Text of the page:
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How the revamped AML/CFT regulations might look

1 Dec 2022

| Author: Pauline Ho, Henry Brandts-Giesen & Gary Spalding

In early November 2022, the Ministry of Justice (MoJ) released its much anticipated report on the review of the Anti-Money Laundering and Countering Financing of Terrorism Act 2009. The 256-page document, containing 215 recommendations, was produced to assess how the AML/CFT regime has performed since 2017 and whether any amendments should be made to the Act.

The report follows the statutory review of the Act that began in July 2021, followed by a public consultation that concluded in June 2022. The report also considered the findings identified by the Financial Action Task Force’s 2020 Mutual Evaluation on New Zealand published in May 2021. The report had two main conclusions:

  • The Act generally provides a sound framework to achieve its purpose of, amongst other things, detecting and deterring money laundering and terrorism financing. However, numerous issues prevent the regime from working optimally in New Zealand and these are addressed by the recommendations.
  • The Act does not make enough allowance for a risk-based approach, with some requirements being overly prescriptive. There is insufficient guidance to help businesses take flexible risk-based approaches. Formal recognition of the benefit of moving towards a proportionate response to actual risk will be welcomed by a wide range of reporting entities.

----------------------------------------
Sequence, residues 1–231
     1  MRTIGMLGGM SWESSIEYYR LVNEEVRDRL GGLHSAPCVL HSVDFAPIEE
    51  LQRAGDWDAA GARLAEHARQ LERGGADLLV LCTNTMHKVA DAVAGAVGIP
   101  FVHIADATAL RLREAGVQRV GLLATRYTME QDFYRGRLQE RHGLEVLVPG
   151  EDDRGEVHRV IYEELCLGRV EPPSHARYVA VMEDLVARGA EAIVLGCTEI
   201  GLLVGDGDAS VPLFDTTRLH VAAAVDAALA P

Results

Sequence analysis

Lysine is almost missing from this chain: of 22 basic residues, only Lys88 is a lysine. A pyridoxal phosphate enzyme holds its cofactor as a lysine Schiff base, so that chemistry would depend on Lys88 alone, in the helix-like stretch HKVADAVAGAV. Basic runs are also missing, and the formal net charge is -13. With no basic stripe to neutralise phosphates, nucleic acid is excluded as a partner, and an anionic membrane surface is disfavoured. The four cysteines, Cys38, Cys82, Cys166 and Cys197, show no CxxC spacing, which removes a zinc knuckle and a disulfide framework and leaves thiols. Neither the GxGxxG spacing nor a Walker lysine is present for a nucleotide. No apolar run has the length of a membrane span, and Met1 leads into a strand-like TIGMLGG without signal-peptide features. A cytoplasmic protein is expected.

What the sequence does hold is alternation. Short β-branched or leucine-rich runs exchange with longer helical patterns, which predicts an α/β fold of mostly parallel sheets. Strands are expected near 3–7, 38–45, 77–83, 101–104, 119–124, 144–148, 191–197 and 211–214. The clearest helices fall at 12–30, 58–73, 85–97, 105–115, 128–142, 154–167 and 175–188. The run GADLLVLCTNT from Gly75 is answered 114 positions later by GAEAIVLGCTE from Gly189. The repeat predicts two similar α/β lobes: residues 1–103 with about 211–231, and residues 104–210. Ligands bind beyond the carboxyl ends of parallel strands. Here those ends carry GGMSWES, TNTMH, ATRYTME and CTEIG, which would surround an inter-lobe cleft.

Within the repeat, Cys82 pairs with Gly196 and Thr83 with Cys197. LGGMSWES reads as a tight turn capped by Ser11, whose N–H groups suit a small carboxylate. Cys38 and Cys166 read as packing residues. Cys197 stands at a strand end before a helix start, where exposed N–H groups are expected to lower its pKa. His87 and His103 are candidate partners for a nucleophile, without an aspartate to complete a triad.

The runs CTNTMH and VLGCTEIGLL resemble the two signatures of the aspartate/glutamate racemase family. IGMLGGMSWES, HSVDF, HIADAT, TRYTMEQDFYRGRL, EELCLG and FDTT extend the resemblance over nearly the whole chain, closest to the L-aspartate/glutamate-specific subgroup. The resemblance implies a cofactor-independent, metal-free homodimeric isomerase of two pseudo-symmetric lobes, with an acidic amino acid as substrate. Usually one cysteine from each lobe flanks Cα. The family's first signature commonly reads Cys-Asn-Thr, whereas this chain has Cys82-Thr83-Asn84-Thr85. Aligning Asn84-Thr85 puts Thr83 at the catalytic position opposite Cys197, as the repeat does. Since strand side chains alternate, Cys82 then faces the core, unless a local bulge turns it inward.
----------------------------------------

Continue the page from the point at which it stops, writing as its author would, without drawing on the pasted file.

Key recommendations 

Given the length of the report, we won’t cover all the recommendations in detail in this article. But the following points will interest most sectors.

  • Ensuring a risk-based approach: the Act’s purpose is amended to expressly reference a risk-based approach. There should be no inclusion of the prevention of money laundering and terrorism financing in the Act’s purposes, but it is recommended a reference to combatting proliferation financing is added as a general purpose.
  • Financial sanctions: the Act is used to support financial sanction obligations, such as those in the Russia Sanctions Act 2022.
  • Territorial scope: the Act defines its territorial scope for when overseas businesses provide captured activities to New Zealand. Further analysis is needed on how it should be defined, but supervisor guidance is needed to give clarity in the interim.